Poor Us: The Great Depression 2.0

March 30, 2009

Journalists Now Pounding Jobless Beat

Filed under: Reduced Circumstances — Tags: , , , — debacled @ 2:18 am

Starving_Artist_by_GrayDayAs a journalist who’s looking for work at a time when the newspaper business is in its death throes, I get up each day and wonder how the hell I’m going to find a job.

According to  the American Journalism Review,  about 15,000 other journalists  are asking themselves the same question.

The story offers some bad new:

“For those laid off between 1999 and 2007 who responded to the questionnaire, journalists who needed more than a year to find a job averaged 51 years old. Those who found work in less than three months averaged 46.”

And hope:

Patrick O’Driscoll and Mike Peluso took another popular escape route. They went into media relations. Both are happier men for it, and not because they’re making a pile of money. They were both better paid in their newspaper jobs….O’Driscoll says he has learned this overarching lesson: “Second and third acts can start in your mid-50s.

This story asks the question, “So what do you do now?” that should resonate with journalists or anyone who thought they’d found their life’s work, and are now finding their “Calling” has been rescinded.

Via Renegade Futurist

Is There Life After Journalism?
American Journalism Review, March/April 2009

Many of the respondents have found new jobs. It’s too early to tell about those who lost their jobs within the past year, but for those who did so between 1999 and 2007:

• Just under 36 percent said they found a new job in less than three months. Add those who say they freelance full time, and the total jumps to 53 percent.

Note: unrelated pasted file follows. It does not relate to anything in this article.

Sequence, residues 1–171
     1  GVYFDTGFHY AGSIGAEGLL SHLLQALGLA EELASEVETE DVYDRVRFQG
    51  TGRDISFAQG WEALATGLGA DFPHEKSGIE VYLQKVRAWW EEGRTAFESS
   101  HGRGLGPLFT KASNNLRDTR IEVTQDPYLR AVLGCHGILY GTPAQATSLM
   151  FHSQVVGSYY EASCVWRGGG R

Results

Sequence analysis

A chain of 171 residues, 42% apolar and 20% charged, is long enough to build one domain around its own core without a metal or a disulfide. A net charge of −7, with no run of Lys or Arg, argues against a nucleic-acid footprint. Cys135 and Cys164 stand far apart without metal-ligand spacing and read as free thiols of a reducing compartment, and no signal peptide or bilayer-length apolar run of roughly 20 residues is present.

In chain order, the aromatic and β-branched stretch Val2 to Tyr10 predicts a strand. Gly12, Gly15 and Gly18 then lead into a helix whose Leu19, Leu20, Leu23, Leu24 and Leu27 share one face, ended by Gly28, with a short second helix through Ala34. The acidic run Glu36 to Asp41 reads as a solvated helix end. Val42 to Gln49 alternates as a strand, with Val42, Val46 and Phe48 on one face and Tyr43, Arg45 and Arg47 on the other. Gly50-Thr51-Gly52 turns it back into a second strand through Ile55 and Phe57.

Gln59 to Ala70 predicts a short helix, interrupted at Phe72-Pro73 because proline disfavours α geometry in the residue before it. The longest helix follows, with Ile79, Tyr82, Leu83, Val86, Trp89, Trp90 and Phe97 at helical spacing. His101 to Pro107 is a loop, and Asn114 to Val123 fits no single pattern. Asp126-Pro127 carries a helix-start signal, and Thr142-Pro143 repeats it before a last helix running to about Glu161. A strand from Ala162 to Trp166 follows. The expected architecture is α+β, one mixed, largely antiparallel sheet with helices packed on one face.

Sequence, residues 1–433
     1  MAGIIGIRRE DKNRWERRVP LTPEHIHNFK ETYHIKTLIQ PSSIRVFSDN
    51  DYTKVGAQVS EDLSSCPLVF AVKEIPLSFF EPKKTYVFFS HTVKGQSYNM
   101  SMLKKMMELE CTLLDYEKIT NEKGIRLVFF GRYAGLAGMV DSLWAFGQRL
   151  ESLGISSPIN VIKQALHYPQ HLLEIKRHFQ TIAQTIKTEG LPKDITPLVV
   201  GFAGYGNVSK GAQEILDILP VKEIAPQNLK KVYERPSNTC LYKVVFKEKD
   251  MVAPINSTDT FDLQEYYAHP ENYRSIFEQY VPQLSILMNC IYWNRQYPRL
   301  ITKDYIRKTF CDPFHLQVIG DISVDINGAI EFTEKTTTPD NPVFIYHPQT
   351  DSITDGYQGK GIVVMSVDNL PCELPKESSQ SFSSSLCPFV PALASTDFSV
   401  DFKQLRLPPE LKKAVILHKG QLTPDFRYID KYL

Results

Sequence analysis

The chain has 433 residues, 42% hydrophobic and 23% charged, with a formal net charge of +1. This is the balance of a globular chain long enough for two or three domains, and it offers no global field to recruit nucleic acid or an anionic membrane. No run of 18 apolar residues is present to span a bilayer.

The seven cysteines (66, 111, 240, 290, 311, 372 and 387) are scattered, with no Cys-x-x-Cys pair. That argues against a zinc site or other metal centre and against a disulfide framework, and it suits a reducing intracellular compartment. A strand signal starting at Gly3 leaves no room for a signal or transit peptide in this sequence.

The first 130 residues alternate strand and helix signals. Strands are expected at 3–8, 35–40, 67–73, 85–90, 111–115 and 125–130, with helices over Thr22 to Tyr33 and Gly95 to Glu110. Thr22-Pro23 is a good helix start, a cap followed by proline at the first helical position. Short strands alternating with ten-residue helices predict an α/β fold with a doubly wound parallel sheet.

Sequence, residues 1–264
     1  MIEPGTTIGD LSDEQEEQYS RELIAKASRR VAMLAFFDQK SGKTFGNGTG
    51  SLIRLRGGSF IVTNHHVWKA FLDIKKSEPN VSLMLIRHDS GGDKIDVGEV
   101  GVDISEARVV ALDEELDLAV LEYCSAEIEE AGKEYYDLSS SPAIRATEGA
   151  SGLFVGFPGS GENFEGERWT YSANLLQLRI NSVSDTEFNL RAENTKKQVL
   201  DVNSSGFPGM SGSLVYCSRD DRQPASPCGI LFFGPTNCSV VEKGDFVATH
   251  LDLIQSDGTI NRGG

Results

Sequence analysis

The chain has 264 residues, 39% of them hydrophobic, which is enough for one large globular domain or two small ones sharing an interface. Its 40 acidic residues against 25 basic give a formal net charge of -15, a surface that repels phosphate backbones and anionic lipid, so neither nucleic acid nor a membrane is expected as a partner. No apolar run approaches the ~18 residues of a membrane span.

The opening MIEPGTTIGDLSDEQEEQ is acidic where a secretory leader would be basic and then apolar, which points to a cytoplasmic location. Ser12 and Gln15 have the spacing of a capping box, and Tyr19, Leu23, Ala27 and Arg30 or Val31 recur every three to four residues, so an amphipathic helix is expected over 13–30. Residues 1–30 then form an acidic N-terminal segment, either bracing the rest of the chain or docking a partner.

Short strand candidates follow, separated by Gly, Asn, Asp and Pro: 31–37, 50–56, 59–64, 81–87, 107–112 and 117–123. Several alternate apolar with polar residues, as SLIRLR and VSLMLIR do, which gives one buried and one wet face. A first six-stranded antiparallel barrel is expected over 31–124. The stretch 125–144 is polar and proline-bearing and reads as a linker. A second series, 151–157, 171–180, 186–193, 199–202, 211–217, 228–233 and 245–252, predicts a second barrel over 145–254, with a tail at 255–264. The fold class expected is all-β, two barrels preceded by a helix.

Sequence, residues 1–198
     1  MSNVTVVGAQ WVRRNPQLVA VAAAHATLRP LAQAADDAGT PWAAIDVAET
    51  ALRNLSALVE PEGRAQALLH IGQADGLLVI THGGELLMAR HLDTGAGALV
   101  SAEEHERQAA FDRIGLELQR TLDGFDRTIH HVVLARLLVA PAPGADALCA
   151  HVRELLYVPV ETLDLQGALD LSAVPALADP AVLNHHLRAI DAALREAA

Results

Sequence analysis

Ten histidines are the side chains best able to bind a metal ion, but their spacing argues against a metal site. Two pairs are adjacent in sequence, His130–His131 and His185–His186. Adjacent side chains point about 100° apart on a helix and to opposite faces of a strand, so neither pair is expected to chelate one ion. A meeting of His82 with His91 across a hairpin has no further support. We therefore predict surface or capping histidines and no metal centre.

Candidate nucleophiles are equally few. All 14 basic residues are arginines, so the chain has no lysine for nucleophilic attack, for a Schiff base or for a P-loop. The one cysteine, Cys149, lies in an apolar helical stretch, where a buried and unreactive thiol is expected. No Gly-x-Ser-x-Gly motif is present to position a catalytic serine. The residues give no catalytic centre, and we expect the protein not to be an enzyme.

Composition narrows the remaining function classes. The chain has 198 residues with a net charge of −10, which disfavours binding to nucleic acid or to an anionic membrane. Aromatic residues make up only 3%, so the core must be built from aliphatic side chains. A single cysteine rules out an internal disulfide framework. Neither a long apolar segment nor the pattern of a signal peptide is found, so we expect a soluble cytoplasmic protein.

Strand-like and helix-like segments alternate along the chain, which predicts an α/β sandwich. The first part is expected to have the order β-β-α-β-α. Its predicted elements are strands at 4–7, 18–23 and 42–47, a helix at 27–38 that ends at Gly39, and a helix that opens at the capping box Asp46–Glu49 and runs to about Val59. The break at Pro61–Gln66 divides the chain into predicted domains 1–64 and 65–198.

• Less than 10 percent say it took them longer than a year.

• Only a handful – 6 percent – found other newspaper jobs. The rest are doing everything from public relations to teaching to driving a bus and clerking in a liquor store.

While they’ve found work, many of the people with new jobs are making less money. The midpoint salary range for their old jobs was $50,000 to $59,000. Those who listed salaries for their new jobs were a full salary band lower – $40,000 to $49,000.

Of the people who volunteered their old newspaper salary, only 2 percent made less than $20,000 a year. Of the people who gave me their new salaries, that number shot up to 17 percent. The age of those at the bottom of the salary scale has changed surprisingly as well. The median age of those who made less than $20,000 at their old newspaper job was 24. The median age of those now making less than $20,000 is 48.

Here’s another surprise: While the overwhelming majority – 85 percent – say they miss working at a paper, they are often happier in their new jobs. Sixty-two percent tell us they had been satisfied in their old newspaper jobs; 78 percent report being satisfied in their new jobs. (The bus driver and liquor store clerk are not finding much job satisfaction, however.)

So it’s safe to say there is life after newspapers. But it’s not always the life the journalists had expected.  (read on)

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